Aleksander Rebane

Aleksander Rebane's picture
Education: 
Ph.D. 2018, Yale University
Thesis Advisor: 
Yongli Zhang and James E. Rothman
Dissertation Title: 
Exploring free energy landscapes of SNARE assembly using optical tweezers
Dissertation Abstract: 

Scientists have long sought to understand the working principles of protein machinery. A decisive step towards this goal has been the development of the Gibbs free energy landscape of protein folding. However, measurement of energy landscapes has remained challenging, particularly when folding occurs over one or more intermediates. An important example is soluble N-ethylmaleimide-sensitive factor attachment protein receptor (SNARE) complex assembly, in which the energetics and kinetics of multiple assembly steps are coupled to distinct stages of vesicle maturation and membrane fusion in synaptic exocytosis. As a result, a quantitative test of this fundamental biophysical mechanism remains outstanding. In recent years it has become possible to measure energy landscapes of proteins in the presence of force using a single-molecule manipulation technique called optical tweezers (OT). However, derivation of energy landscapes in the absence of force from OT data has remained difficult. Here, we present a comprehensive OT data analysis method that uses information from high-resolution protein structures to derive a simplified energy landscape of protein folding at zero force by model fitting of the experimental measurements. We apply our method to derive the energetics, kinetics, and intermediate conformations of SNARE assembly for the wild-type complex and a number of mutants with known phenotypes. We characterize how the steps in SNARE assembly function in the respective stages of synaptic exocytosis and provide quantitative verification of the coupling mechanism. Finally, we investigate the mechanism by which two SNARE mutations cause severe neurological disease. In sum, our work provides a complete methodology to measure energy landscapes to reveal the underlying mechanisms of protein function.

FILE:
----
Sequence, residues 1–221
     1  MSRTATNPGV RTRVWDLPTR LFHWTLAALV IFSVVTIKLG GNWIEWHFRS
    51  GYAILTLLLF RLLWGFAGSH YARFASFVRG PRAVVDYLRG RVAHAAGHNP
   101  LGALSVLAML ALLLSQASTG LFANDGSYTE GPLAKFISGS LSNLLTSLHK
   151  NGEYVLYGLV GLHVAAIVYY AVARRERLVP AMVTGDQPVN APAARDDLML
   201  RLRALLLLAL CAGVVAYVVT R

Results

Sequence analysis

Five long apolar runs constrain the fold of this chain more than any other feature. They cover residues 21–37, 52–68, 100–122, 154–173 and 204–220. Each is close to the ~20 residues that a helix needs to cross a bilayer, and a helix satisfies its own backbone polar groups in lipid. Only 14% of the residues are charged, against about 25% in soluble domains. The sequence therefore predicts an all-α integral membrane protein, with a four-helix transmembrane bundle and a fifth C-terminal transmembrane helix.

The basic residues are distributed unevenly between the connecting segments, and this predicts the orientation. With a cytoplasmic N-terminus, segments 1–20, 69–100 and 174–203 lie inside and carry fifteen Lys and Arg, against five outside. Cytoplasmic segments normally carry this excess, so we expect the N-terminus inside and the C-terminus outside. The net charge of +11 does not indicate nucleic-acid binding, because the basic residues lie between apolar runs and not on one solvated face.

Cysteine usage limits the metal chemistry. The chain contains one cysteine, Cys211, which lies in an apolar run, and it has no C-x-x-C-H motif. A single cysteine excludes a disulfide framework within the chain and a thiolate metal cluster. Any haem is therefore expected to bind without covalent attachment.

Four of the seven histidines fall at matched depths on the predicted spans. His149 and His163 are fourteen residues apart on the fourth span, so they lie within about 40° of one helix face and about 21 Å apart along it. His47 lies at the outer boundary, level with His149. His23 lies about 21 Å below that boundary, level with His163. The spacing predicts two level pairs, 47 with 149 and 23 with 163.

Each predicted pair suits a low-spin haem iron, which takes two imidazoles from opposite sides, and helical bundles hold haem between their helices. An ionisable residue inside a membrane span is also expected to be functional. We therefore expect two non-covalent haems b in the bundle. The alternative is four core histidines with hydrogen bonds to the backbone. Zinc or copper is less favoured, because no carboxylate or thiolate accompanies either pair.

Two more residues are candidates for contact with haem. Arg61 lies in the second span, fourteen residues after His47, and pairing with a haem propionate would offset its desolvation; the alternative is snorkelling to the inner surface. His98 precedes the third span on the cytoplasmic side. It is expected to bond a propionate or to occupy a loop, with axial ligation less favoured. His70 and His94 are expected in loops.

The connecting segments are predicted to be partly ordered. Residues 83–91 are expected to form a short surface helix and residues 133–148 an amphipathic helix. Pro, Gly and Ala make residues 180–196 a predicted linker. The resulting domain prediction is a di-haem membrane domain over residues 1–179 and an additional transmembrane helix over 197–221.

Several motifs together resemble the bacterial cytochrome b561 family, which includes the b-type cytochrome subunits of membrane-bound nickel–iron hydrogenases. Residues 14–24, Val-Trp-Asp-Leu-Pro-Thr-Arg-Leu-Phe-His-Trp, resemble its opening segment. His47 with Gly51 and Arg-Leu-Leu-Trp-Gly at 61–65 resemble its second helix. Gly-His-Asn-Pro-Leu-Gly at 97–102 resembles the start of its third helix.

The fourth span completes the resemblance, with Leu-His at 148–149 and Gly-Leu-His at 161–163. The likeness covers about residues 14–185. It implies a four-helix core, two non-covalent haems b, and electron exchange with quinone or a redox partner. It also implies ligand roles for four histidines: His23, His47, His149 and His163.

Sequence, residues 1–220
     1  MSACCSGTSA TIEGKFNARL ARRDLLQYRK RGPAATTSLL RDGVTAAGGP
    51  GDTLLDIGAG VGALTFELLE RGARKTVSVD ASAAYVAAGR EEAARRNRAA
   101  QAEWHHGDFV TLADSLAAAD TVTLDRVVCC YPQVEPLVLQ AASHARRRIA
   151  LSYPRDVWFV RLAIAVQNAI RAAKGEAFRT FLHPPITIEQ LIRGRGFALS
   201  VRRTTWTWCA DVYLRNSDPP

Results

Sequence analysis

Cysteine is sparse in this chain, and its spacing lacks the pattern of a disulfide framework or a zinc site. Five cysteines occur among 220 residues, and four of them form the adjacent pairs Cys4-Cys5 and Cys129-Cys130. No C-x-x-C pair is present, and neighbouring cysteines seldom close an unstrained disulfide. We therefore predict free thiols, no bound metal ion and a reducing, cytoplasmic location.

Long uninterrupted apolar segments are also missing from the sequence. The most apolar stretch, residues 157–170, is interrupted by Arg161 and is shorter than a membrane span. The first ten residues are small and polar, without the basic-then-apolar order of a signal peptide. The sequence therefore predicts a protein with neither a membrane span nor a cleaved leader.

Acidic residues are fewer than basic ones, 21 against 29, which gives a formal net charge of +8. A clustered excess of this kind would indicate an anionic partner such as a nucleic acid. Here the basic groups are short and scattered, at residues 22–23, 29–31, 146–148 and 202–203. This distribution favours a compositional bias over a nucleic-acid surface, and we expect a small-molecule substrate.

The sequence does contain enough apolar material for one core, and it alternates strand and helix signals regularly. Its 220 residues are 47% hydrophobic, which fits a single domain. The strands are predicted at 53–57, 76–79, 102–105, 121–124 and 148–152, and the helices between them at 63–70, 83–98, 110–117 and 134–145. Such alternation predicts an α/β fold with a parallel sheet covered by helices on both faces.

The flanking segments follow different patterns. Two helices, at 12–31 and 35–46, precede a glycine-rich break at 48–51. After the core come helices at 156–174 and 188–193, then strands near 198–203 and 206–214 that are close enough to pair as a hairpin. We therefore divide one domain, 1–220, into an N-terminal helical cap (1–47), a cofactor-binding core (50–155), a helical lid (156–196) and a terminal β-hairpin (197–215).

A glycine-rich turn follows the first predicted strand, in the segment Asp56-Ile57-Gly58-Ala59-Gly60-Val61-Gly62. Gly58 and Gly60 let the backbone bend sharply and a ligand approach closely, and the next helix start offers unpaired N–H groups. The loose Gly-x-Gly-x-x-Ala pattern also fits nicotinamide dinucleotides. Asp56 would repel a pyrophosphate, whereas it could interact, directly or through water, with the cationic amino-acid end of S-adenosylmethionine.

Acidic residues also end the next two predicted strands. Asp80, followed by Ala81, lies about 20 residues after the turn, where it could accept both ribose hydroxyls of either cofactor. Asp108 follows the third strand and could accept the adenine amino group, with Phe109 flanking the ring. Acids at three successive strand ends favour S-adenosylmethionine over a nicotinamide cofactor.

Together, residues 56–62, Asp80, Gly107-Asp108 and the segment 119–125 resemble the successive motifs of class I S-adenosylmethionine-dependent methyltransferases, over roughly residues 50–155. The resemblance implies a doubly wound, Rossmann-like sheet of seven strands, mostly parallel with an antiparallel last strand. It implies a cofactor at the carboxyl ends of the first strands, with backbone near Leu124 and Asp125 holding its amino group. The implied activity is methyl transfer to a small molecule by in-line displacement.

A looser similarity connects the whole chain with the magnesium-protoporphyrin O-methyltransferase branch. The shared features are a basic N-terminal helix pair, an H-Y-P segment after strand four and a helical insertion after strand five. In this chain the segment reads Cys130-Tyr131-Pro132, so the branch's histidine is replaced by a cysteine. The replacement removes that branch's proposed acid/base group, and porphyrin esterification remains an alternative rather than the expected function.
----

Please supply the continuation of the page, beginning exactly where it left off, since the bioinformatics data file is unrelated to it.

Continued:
Degree Date: 
May, 2018